The leaves were curling, red-yellow-orange, against the crisp wind of autumn. Fallen leaves skittered across the gritty concrete, sucking up the sunshine and leaving the sidewalks dappled with light. It was early afternoon:, a time for gasping and holding your breath. A time for secret giggles, and fantastic stories; and running. It was a time of mischief. I sat, trembling, at the kitchen table with the Sunday funnies. Mother stood at the sink, yellow rubber gloves scrubbing furiously at the remnants of last night’s pie. I kept looking at the clock, waiting, for something… special. Something extraordinary. If anything exciting was to happen, it would happen today. I was sure of it. After all, it was early afternoon: a time of mischief.
I should’ve known we were in for trouble the minute my brother rushed in, breathless, slamming the screen door behind him.
“Mother!” he said, eyes shining.
My brother had plump rosy cheeks and a curved-up mouth. He constantly looked as though he had heard the most fantastic joke. His mop of brown hair actively refused to be combed, and to retaliate often bounced on the top of his head as though it were one step behind him. At fourteen, he still looked like a child; with his shining eyes and shiny forehead, but it was because of exactly this reason that he got away with what he did. Which was everything.
My brother got everything he wanted. The day he brought Pauline home was no different.
“Mother,” he said again, with great solemnity. “I want a dog.”
I sat up straight, time stood still– even Mother paused, sponge in hand, as she considered his words. Such things were not asked for in this house. A new toilet brush, yes, a nickel for the arcade, perhaps; but not dogs. No, even imagining such a thing in Mother’s house was laughable; dogs did not straighten doilies or dust the grandfather clock. And Mother had no time for things that did not straighten or dust.
“No.” she said, and resumed scraping crumbs into the garbage.
I could see my brother scheming. His shining eyes were squinted in concentration, and his up-turned mouth dimpled on the left. His shoulders tightened, his fingers clasped as if in prayer.
“Please please puh-leeeeze may we get a dog?” He wailed. His hair quivered with excitement, bouncing all over the place. Those big, shining eyes were locked on Mother with all the force of a jail-house spotlight. “I swear on my grave I would feed ‘im and wash ‘im and sing ‘im to sleep!” Those big brown eyes searched our Mother for a weakness, any sort of softness he could exploit. He was best at this, and I watched with baited breath as he scrutinized her. Finally, the big punch. The last blow. It was this, or nothing. If Mother didn’t take this line, it was over.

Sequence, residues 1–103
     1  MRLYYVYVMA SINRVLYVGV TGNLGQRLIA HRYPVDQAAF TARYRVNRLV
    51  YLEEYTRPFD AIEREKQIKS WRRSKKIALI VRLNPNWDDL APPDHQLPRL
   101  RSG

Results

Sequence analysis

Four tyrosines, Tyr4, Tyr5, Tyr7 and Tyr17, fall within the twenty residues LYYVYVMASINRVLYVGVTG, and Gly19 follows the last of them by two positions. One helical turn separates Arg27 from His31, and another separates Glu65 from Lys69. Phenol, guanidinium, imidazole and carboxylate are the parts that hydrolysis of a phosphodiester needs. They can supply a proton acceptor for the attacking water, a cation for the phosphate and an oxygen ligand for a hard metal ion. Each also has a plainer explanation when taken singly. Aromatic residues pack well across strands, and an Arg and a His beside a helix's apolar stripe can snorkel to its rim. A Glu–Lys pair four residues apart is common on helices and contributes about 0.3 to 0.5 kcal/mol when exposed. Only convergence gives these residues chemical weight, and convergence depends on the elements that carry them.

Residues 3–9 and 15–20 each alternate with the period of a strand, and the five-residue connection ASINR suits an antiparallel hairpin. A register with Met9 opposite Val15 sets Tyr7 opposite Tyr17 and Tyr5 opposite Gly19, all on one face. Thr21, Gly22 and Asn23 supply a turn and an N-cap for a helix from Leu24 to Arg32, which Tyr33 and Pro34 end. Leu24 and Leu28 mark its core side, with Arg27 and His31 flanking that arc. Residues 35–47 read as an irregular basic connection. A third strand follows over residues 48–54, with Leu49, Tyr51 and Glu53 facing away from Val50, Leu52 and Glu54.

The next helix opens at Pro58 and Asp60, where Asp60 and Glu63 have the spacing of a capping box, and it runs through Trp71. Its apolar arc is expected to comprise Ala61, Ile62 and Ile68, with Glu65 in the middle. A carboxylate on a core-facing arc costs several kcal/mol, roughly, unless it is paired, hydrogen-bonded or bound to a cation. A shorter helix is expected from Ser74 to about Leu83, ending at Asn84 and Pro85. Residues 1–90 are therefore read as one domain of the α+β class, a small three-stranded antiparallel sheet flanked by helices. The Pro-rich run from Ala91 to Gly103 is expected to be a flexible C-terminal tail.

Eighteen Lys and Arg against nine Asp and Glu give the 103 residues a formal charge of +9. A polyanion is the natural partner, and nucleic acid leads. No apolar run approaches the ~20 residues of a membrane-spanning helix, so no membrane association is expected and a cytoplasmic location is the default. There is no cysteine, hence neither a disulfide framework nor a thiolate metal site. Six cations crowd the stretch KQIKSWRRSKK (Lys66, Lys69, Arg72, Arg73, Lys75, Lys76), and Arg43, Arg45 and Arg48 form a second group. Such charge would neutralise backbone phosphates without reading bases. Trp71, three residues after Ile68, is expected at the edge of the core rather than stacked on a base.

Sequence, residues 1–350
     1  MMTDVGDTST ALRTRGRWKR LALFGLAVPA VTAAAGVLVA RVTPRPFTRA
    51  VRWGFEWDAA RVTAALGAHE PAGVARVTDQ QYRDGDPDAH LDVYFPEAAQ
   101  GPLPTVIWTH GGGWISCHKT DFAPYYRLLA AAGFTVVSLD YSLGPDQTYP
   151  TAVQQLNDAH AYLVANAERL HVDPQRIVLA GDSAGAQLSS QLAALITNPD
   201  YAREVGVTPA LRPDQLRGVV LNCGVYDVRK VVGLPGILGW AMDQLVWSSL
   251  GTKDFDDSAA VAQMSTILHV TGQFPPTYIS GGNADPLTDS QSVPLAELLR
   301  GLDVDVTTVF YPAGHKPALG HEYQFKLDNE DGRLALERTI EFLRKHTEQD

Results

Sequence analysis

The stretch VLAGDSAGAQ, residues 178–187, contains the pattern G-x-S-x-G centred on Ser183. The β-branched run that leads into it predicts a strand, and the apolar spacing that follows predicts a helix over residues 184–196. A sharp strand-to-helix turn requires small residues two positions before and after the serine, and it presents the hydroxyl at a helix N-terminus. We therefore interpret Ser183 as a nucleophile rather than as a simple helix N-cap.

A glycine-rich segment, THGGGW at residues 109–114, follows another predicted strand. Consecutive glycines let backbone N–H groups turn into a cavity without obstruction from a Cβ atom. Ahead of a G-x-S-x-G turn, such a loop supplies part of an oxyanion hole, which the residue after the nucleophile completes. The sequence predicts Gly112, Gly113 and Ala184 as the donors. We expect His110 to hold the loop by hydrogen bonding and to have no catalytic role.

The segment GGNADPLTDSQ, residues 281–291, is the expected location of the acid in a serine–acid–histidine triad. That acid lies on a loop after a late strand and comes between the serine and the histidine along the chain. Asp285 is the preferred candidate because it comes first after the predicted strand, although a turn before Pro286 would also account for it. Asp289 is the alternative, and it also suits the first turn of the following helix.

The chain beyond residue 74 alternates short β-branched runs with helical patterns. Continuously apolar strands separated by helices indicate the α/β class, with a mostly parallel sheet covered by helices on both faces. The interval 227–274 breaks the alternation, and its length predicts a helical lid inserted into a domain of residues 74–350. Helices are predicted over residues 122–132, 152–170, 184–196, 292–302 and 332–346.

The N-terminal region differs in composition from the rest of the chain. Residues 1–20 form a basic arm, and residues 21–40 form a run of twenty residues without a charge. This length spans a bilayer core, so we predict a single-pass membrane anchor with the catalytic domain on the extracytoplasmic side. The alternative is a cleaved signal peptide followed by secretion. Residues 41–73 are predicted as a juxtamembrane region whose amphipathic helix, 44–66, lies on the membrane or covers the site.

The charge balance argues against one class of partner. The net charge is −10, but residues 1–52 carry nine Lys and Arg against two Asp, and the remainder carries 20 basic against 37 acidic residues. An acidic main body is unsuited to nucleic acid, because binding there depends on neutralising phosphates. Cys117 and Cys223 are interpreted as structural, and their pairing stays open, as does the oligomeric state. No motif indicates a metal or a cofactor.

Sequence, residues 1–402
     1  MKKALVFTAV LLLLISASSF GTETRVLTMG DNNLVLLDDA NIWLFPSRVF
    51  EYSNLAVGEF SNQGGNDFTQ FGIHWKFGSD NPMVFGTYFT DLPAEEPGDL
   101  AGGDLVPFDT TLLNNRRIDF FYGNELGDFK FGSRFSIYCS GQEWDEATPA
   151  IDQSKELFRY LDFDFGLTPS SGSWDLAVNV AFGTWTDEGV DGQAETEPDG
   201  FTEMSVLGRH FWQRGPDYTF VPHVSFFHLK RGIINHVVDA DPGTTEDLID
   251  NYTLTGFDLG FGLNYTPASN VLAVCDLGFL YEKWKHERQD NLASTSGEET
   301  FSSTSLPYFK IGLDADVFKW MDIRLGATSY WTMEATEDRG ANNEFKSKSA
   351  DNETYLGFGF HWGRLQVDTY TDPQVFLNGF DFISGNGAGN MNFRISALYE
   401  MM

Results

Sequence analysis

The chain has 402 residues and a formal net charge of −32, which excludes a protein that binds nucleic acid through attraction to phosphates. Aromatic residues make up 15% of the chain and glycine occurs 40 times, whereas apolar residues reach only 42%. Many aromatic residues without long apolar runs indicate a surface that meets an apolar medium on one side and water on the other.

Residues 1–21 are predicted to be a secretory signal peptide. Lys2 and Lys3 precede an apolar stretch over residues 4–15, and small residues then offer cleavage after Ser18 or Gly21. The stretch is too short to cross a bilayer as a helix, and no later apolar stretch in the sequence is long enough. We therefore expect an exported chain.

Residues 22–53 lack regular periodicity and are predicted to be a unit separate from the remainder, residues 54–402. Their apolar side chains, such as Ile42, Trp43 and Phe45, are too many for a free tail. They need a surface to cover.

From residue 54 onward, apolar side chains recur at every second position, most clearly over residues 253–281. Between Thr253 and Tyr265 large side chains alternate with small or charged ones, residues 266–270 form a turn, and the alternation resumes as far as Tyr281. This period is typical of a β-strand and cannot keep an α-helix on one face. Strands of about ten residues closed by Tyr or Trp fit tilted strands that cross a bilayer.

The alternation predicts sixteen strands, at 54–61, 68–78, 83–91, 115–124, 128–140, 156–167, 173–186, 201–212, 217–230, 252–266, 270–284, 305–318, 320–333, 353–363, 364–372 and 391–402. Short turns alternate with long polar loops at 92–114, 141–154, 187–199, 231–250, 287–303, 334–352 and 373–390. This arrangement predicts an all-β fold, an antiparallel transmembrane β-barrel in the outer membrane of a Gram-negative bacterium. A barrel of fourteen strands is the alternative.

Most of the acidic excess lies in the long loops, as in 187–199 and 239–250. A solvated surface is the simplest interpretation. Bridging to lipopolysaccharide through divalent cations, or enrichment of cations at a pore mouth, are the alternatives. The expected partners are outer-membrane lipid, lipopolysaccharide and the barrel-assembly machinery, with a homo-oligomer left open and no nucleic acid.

“I’d love that dog just as much as I love you, Mother.”
Incredible! Shots fired. A hush fell over the assembled troops, him and me, in this new battlefield, as Mother quirked a brow.
“What on earth do you want a dog for?” she shook her soapy hands, red and sudsy from the dishes she’d finished washing. I smirked at my brother. Classic tactical blunder. Mother had just finished cleaning, and was moving on to more work; the worst time to ask for things. The battle was over before it began.
“To practice my responsibility on,” he deliberated, scuffing his sneaker into the beige carpet. But beneath the cool facade, I knew– he was vibrating with the thrill of the battle. I looked on in awe, as my brother baited my Mother. I had never seen a ploy so artfully disguised.
“Really. And how would having a dirty, smelly dog to look after help you have responsibility?” She played at being uninterested, but we knew she was caught.
My brother readied his arsenal. “I’d take care of it, and make sure ‘e was properly fed and washed. It would be a good role model to my friends, and good practice for when I have to babysit. I would always take care of it. You would never even have to deal with it. I will be responsible and adult.” His chest swelled with impending responsibility and importance. Mother was beat, and she knew it.
My brother got everything he wanted. And he wanted no ordinary dog. He wanted Pauline. Pauline was a stray he had found wandering in the baseball field, with tags on but no owner inscribed on the dangling metal plate. He had decided she would come home with him, and of course, she did.
Pauline was the color of an old musty saddle, with a pirate’s white eye patch over one startlingly blue eye. She had a slobbery pink-and-black maw that never closed, and a tongue that seemed three inches too long. Her tail stood like a curved ‘C’, fluffy and taunting. She was stocky and shaped like an anvil. The top of her head reached my brothers’ hip. Her barrel shaped chest heaved in and out as she panted expectantly.
My brother presented Pauline to Mother. Mother looked at the dog suspiciously, patted her on the head, and promptly returned to the basement to vacuum. The machine clicked on with a loud and mighty whirr, roaring and growling under the couches; and sucking up my marble set, probably.
My brother stood, proud and responsible, for a moment. Then he spun towards me and grinned recklessly.
“Well!” He bounced on the balls of his feet. “I gotta go play with the guys! House break ‘er for me, will ya?”
And he bounded out the front door, slamming the screen as he went. I glared at his plaid flannel back as the ran towards the baseball field, trying my best to incinerate him.
My rotten brother! Dumping this dumb dog on me. What was I supposed to do with it? I dunno what dogs do.
I sighed. Crouching, I patted the dog. “I suppose you’re not so bad, huh?”
Pauline panted and wagged her fluffy tail. Then she lifted her leg and peed all over the banister.
“Ya dumb dog!!” I howled.